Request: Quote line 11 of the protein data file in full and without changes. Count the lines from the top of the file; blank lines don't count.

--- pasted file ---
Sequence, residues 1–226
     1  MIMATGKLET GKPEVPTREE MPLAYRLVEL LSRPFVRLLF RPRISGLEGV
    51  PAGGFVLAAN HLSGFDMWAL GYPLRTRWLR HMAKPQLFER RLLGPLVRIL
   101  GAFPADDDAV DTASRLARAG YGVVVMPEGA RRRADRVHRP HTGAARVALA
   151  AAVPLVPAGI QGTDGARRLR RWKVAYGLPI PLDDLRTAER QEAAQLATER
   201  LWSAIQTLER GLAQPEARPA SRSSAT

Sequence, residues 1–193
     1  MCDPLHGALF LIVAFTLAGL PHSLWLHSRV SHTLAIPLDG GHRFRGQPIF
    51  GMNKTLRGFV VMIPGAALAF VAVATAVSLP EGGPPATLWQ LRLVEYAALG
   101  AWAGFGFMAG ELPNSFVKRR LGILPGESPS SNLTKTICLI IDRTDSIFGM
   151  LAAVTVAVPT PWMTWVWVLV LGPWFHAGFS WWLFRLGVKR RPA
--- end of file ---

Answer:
   151  LAAVTVAVPT PWMTWVWVLV LGPWFHAGFS WWLFRLGVKR RPA